In addition to the Ukrainians remaining in the occupied territories, 340 Russians from 39 regions, as well as annexed Crimea, are going to participate in the elections to the assemblies of the four occupied territories. Most of them live in the bordering Rostov Oblast (130 people), 30 each in Moscow and Kemerovo Oblast.
United Russia, the party of power, which will undoubtedly be the leader in the elections, is the least inclined to include local residents of Zaporizhzhya and Kherson Oblasts in the parliaments of these two regions compared to other parties. 48% of United Russia candidates in Zaporizhzhya Oblast and 33% in Kherson Oblast are varangians [as they call officials who have never lived or worked in the region before their appointment] from Russian regions or Crimea, which was annexed back in 2014. For comparison, the CPRF and Just Russia party have 84–91% of local candidates on their lists.
In both Zaporizhzhya and Kherson Oblasts, United Russia included Kremlin employees in its lists. However, both mostly from among those unknown to the general public.
For example, Oleg Nesterov, a non-public employee of one of the departments of the presidential administration, is on the list of candidates for the Zaporizhzhya Oblast’s regional legislature.
There was no mention of his activities in the public domain before the US added him to its sanctions list in December 2022. Nesterov was accused of coordinating an illegal “referendum” on the entry of Zaporizhzhya Oblast into Russia and setting up “filtration centers” in Russian-controlled territories of Ukraine. In particular, according to the USA, Nesterov supervised the filtration of city administration officials and other civilians from Mariupol.
In Kherson Oblast, United Russia nominated another candidate with exactly the same position — “an employee of a structural subdivision of the presidential administration,” Moscow-based Igor Deryugin born in Belarus. As in the case of Nesterov, there is no public mention of Deryugin’s career or activities. According to IStories, Deryugin is a native of the border troops: before the presidential administration, he served in the border guard detachment on Sakhalin (military unit 2067, subordinate to the FSB), and then worked at the Border Academy of the FSB (former military unit 2571). Deryugin’s email and his account in one of the social networks contain the nickname “tiran.”
Another federal candidate is State Duma deputy Igor Kastyukevich, who is running as number two on the United Russia list for the elections in Kherson Oblast. Kastyukevich is involved in the deportation of children from Ukraine: in October 2022, he told how he helped take more than 50 children from the Kherson orphanage to Crimea.
Verstka journalists discovered that at least 14 children from Kherson ended up in the Yelochka orphanage, which was called a “children’s concentration camp” because of the cruel treatment of the children. Later, the occupation authorities themselves confirmed that the children taken from the Kherson orphanage were in Yelochka. According to them, the children are being prepared “to return to their homeland.”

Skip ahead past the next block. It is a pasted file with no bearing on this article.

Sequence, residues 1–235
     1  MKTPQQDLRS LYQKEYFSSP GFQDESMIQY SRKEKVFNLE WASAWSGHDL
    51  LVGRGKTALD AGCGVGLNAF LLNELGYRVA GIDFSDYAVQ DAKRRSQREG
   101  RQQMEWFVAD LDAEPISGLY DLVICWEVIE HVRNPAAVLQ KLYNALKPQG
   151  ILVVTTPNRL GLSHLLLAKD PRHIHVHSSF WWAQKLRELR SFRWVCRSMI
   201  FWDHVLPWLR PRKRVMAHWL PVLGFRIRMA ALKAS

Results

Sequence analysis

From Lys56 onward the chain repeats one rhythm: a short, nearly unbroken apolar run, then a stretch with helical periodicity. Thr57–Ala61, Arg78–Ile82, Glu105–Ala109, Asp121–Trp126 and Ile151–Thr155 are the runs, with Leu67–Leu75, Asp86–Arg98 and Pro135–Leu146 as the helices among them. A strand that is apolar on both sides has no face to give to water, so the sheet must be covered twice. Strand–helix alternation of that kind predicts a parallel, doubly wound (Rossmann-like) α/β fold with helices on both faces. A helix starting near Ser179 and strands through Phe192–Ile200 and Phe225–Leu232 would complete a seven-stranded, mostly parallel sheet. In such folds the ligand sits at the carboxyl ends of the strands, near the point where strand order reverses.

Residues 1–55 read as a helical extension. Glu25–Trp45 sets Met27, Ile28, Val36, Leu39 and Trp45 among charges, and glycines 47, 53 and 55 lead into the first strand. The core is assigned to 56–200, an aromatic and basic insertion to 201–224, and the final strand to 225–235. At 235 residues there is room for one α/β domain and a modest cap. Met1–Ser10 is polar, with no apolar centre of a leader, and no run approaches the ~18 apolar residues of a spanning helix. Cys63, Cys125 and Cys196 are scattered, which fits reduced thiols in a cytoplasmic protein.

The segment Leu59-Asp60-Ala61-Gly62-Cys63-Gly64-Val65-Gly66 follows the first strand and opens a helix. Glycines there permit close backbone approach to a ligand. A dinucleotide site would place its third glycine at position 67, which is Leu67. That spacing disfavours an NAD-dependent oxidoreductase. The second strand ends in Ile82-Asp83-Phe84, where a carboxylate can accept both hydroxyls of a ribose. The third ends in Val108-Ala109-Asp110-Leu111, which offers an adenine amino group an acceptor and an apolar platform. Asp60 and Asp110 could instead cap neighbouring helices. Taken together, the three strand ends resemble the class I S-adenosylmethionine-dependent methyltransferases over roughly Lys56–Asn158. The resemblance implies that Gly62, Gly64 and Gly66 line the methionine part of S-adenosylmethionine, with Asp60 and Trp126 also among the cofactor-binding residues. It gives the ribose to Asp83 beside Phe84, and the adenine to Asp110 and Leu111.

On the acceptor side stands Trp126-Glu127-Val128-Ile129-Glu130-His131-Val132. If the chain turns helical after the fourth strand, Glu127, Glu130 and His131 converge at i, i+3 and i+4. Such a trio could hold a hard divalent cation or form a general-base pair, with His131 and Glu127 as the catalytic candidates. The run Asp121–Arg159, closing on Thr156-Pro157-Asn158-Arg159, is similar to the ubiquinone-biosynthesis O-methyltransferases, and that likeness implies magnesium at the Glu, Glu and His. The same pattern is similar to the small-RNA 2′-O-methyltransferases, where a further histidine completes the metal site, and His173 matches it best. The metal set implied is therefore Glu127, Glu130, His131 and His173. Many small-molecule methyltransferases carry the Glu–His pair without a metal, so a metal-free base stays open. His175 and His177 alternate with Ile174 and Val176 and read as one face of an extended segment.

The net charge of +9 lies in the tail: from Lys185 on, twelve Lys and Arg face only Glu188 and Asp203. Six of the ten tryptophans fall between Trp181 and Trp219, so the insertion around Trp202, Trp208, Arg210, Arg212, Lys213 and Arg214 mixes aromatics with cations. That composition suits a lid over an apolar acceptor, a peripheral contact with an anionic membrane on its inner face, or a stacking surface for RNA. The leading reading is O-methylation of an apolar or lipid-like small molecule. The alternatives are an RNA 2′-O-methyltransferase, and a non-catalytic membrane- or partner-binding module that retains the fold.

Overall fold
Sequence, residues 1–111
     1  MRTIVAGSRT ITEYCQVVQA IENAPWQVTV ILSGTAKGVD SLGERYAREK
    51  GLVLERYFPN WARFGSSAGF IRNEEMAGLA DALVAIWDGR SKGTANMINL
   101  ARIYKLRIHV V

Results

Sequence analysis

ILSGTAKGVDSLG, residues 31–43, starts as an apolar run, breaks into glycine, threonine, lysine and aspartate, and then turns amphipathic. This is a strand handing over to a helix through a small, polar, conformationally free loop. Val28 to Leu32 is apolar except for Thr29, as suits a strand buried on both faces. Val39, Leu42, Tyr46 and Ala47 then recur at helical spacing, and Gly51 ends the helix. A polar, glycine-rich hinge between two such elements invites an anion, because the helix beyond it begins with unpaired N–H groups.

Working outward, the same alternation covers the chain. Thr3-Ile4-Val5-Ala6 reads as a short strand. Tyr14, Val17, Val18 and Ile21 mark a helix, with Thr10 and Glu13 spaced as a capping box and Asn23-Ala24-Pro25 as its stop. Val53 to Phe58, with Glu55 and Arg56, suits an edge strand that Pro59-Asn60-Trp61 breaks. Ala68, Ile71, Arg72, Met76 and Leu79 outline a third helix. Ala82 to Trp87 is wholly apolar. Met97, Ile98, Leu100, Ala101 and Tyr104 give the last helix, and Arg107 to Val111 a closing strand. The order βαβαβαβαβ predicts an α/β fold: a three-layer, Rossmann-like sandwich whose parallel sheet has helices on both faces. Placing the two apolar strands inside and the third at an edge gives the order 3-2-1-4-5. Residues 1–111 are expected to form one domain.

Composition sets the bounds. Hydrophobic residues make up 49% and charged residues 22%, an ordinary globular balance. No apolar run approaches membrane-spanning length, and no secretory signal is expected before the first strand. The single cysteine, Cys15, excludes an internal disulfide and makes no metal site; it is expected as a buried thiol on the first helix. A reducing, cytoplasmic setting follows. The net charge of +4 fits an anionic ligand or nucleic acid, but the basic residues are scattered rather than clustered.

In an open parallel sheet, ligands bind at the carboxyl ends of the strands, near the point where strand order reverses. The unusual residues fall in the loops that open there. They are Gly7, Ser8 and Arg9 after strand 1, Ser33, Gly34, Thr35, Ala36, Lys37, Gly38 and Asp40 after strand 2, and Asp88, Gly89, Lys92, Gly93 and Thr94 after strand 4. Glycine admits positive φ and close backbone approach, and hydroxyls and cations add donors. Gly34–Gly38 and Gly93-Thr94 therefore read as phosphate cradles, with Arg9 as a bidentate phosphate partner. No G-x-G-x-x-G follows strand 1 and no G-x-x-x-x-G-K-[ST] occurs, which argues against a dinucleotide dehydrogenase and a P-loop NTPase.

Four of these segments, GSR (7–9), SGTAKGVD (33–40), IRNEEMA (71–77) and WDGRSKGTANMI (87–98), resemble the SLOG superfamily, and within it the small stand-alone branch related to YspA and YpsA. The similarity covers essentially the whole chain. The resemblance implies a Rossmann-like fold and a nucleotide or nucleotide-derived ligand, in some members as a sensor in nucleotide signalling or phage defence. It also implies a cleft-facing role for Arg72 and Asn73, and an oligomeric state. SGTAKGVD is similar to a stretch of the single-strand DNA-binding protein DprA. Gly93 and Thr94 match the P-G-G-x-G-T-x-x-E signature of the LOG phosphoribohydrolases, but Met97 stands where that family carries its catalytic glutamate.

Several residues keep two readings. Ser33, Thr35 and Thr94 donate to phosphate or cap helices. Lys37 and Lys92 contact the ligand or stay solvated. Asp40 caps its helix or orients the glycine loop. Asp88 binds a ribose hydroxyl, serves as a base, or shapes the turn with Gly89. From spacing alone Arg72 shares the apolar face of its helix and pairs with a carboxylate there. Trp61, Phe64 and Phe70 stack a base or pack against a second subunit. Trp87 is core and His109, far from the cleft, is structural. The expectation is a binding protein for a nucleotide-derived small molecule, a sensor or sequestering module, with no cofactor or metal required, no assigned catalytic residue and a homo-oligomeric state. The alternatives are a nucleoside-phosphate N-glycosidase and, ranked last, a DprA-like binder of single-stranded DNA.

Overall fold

Renat Karchaa, head of the project office of Rosenergoatom from Moscow, is also running in the top ten of the United Russia list (candidates from the upper part of the list receive mandates in priority order). It was he who conducted a tour of the Zaporizhzhya Nuclear Power Plant for the International Atomic Energy Agency mission in the fall of 2022, where he gestured to the foreign guests to show them that the missile that fell on the territory of the NPP had rotated 180° after the fall — and therefore, according to Karchaa, did not come from the Russian side.
In the nineties Karchaa headed the Sukhumi Primatology Center of Experimental Medicine, from where he was fired after being accused of plundering property. And in the 2000s, he became the subject of another criminal case: Karchaa drove his car and fatally struck a 16-year-old teenager in the Pskov Oblast.
The LDPR candidate lists are headed by party head and State Duma deputy Leonid Slutsky. He is running in all four “new regions”. When asked by IStories about which territory Slutsky would move to if elected, his spokesman said: “Such decisions will be announced following the election results. <...> We have priority in all regions. <...> He has visited all [the four annexed territories], repeatedly. And he plans to visit them further.” Slutsky last made a public visit to the Zaporizhzhya Oblast seven months ago, and to the Kherson Oblast four months ago, before the Ukrainian counteroffensive began.
Just Russia nominated only one federal actor — Duma deputy Yelena Drapeko — and only for the elections in the DPR.
Those who directly participated in the seizure of Ukrainian territories are also running as candidates. Participants of the war are running for election in both Zaporizhzhya and Kherson Oblasts.
Among them there is 23-year-old mobilized Daniil Basel from Moscow, who worked in Rosgvardia unit before the war and now serves as warrant officer in military unit 95369 (its number corresponds to the 1429th regiment, formed in the fall of 2022 from Moscow and the Moscow Oblast mobilized). After training, this regiment was sent to hold the defense in the occupied Zaporizhzhya Oblast, where Basel is now running for election.
“I decided to run for election, because I really liked the region,” Basel told IStories. — “It needs to be developed. There are very good people there, they should be helped. I myself am mobilized, I spent 11 months in Zaporizhzhya, and now I directly perform tasks related to service in Zaporizhzhya Oblast. I saw everything from the inside and I wanted to help, to fix everything.” According to Basel, he was “impressed by the preparedness of our servicemen” and that “the mobilized, despite the fact that they were civilians yesterday, do a lot of feats, so to speak, and stand up for each other.”